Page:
Protect Yourself and Others

Treat this Halloween with Safety

Review our Halloween Guidance to learn about how to safely hand out treats, go trick-or-treating, and find safer ways to celebrate.

Halloween Safer Ways to Celebrate Opens in new windowHalloween Trick or Treating Opens in new windowHalloween Neighborhood Guide
Safer Ways To Celebrate 8.5 X 11Trick-or-Treating Safety 8.5" X 11"Neighborhood Guide Flyer 8.5" X 11"


Everyday Preventive Actions  

  • Wear a cloth mask in public.
  • Cough or sneeze into your sleeve, or if you use a tissue then discard the tissue and promptly wash your hands.
  • Avoid close contact with people who are sick.
  • Stay home while you are sick and avoid close contact with others.
  • Avoid touching your eyes, nose, and mouth.
  • Wash your hands often with soap and water for at least 20 seconds. 
    • If soap and water are not readily available, use an alcohol-based hand sanitizer that contains at least 60% alcohol if hands are not visibly soiled.
  • Take extra precautions if you plan to attend or host a small gathering of fewer than 10 people to stay safe.

There is currently no vaccine to prevent COVID-19.

Isolation and Quarantine

Review thFact sheet Opens in new windowe isolation and quarantine fact sheet to learn about when you are sick with COVID-19 symptoms to isolate yourself from contact with others; and, when you have been exposed to someone who is sick with COVID-19 symptoms, you are at risk for developing illness.

En español: Cuando este ENFERMO con síntomas de COVID-19, AÍSLESE para no estar en contacto con otros.

Home Care Advice for COVID-19

Fact sheet Opens in new windowIf you are sick with COVID-19 or think you might have it, review the Home Care Advice for COVID-19 fact sheet to follow steps in helping to protect yourself and the other people around you.

En español: Consejos para el cuidado en el hogar para COVID-19

Wear Cloth Masks

The Colorado Mask Campaign encourages Coloradans to wear non-medical cloth face coverings when leaving the home for essential business. Learn more about the Colorado Mask Project at coloradomaskproject.com.

Mandatory Mask Order

Infographic explaining the steps of how to safely wear and take off masks Opens in new windowHow to Safely Wear and Take Off a Cloth Face Covering

Cloth face coverings are not surgical masks or N-95 respirators, both of which should be saved for health care workers and other medical first responders. Do not place a mask on a child younger than 2. Wear a cloth mask whenever going out in public. 

  1. Wash your hands before putting on your face covering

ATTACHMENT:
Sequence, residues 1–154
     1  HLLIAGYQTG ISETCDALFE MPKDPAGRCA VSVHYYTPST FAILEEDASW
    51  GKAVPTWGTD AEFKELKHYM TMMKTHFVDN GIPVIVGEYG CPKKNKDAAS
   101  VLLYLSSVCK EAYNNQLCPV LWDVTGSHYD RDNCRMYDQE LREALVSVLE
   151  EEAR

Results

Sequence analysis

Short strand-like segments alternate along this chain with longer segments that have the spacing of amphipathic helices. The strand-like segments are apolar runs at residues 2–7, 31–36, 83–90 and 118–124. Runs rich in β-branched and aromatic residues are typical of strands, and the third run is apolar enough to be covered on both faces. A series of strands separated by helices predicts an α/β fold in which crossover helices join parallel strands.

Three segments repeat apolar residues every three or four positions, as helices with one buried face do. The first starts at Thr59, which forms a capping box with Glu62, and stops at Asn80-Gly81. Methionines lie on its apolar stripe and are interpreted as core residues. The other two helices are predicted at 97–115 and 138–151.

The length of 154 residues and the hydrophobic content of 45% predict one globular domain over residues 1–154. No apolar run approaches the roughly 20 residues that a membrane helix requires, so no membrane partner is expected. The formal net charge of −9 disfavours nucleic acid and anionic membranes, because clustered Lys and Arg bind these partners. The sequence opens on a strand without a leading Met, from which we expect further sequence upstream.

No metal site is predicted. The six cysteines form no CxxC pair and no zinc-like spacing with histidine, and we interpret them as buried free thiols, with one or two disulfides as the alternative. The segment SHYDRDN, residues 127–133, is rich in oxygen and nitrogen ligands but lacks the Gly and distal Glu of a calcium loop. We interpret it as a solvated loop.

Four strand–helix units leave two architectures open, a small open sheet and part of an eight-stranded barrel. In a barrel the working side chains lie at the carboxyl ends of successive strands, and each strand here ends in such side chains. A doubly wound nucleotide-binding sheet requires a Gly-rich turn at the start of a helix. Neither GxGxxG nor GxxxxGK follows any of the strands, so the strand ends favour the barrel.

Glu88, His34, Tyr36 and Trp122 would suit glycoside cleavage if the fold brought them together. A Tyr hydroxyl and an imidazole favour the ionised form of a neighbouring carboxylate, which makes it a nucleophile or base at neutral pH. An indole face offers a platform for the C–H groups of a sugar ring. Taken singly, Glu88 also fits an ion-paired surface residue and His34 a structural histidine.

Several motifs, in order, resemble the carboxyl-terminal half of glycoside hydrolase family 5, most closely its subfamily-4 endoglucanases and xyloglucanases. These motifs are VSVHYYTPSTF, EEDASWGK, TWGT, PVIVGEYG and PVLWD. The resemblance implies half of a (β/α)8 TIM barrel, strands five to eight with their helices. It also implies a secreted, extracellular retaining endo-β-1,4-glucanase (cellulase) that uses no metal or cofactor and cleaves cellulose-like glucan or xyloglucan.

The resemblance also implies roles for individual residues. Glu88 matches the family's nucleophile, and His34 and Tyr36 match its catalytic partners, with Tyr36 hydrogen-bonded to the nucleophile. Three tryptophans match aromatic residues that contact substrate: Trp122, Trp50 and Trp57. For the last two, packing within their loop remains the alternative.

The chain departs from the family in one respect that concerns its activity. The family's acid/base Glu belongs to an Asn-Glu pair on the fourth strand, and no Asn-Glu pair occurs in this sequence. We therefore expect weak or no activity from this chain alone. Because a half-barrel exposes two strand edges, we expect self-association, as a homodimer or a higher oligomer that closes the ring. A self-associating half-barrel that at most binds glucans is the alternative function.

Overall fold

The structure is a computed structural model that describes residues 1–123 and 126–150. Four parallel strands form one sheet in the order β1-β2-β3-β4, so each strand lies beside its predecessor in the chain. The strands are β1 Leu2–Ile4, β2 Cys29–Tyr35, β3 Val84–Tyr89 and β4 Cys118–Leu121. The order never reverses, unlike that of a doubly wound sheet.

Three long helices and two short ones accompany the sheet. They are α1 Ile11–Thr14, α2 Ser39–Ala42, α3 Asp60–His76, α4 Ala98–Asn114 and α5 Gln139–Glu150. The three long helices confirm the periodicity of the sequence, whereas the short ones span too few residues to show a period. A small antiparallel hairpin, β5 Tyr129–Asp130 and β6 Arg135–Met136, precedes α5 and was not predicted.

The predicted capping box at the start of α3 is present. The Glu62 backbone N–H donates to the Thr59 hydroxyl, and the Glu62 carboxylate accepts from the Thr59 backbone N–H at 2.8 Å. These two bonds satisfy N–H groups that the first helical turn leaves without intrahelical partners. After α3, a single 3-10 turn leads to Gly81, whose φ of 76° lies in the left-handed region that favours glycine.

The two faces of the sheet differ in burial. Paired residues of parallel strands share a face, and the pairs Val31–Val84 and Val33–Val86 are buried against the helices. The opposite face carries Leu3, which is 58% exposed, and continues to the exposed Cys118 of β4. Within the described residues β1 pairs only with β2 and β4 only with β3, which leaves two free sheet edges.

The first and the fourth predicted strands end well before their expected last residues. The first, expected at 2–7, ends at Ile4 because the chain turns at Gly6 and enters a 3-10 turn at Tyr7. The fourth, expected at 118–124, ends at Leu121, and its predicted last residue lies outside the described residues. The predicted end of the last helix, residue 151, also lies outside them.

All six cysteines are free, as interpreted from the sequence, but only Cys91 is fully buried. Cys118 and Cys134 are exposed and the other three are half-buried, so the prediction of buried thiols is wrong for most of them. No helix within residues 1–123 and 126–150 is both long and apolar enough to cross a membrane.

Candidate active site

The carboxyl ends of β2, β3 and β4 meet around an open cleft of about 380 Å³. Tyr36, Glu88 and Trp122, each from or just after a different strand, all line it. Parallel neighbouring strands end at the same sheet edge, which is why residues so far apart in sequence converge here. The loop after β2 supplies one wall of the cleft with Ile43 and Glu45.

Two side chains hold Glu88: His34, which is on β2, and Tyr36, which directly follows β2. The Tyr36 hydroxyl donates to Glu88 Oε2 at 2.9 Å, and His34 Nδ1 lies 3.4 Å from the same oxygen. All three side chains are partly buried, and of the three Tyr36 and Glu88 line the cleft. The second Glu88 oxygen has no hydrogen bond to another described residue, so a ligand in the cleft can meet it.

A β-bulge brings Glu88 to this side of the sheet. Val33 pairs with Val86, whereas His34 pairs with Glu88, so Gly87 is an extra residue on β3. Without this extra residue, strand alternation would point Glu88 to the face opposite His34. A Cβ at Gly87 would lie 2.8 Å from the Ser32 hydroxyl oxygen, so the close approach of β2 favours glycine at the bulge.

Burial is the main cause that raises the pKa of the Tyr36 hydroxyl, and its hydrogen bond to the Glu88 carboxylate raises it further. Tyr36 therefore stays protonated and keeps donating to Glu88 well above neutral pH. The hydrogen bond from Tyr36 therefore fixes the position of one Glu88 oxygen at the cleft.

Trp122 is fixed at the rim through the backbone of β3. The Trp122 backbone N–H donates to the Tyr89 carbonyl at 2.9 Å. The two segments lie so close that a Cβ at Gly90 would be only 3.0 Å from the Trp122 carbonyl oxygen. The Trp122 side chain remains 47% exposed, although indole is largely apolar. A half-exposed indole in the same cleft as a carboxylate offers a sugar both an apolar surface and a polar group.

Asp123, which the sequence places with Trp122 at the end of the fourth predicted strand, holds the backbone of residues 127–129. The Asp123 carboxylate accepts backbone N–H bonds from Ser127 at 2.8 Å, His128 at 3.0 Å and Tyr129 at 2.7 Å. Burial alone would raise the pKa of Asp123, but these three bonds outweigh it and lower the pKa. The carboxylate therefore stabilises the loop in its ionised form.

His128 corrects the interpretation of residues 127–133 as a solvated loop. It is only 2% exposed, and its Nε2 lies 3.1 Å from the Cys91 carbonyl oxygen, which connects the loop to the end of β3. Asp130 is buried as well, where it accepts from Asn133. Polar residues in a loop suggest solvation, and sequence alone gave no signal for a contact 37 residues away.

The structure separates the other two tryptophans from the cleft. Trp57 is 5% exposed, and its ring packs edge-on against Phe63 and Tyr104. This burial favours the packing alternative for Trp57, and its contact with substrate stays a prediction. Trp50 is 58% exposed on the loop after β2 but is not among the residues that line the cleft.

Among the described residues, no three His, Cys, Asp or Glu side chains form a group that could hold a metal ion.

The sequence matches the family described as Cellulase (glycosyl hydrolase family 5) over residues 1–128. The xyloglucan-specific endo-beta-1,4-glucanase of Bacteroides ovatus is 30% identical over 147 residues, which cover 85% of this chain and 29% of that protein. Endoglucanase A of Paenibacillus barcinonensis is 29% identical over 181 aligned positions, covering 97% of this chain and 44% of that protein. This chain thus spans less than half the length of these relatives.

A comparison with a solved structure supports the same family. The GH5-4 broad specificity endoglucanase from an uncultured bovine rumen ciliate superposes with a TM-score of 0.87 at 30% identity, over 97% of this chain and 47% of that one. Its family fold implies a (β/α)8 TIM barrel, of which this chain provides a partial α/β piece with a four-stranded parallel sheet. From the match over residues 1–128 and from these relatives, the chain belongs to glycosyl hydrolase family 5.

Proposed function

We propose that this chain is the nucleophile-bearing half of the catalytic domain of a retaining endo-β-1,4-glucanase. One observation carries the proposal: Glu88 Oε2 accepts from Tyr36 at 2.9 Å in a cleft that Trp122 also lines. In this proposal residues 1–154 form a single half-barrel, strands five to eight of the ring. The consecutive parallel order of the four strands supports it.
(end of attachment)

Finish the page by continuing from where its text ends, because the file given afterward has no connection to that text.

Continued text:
2. Put it over your nose and mouth and secure it under your chin
  3. Try to fit it snugly against the sides of your face
  4. Make sure you can breathe easily
  5. Do not touch the face covering, and, if you do, clean your hands
  6. Wash after using

CDC Cloth Masks Resources

Take care of your emotional health

It is important during this time to take care of your physical health, you also need to pay attention to your emotional health. You can reduce your stress by taking positive steps to protect yourself and your loved ones. 

  • Take care of yourself by doing things to relax you, such as breathing deeply; listening to music; enjoying sports, hobbies or reading
  • Move your body/exercise, eat healthy, and get enough sleep
  • Check-in with your friends, co-workers, and family
  • Take breaks from the news and social media. Make sure that your information only comes from reputable sources, such as the CDC and CDPHE, as well as up-to-date information on our site here at www.tchd.org/coronavirus
  • Develop a COVID-19 disaster kit so that you will have the supplies you need if you or a loved one gets ill.
  • The SAMHSA Disaster Distress Hotline is available for call or text 24 hours a day, 7 days a week. It is free and confidential. Call 1-800-985-5990 and press 2 or text: "TalkWithUs" to 66746; En Español: "Hablanos" to 66746

Take extra precautions for those with underlying medical conditions

Older adults (over age 60) and people who have severe underlying chronic medical conditions, like heart or lung disease or diabetes, seem to be at higher risk for developing more serious complications from COVID-19 illness.

  • Consider avoiding crowds, avoiding non-essential air travel, limiting close contact when you’re out in public, and washing your hands often. Review more at CDC’s people at risk for serious illness from COVID-19
  • Please consult with your health care provider about additional steps you may be able to take to protect yourself

Plan ahead 

Learn more about how to be ready for many types of emergencies by reviewing CDC’s resources on emergency preparedness and response and getting your household ready for COVID-19.

Stay informed 

The coming days and weeks are likely to bring more confirmed cases of COVID-19, but if we can all follow health recommendations now, we can reduce the spread of COVID-19 in our communities. Visit reliable sources like the CDC and CDPHE for the latest information, as well as, up-to-date information on our site here at www.tchd.org/coronavirus.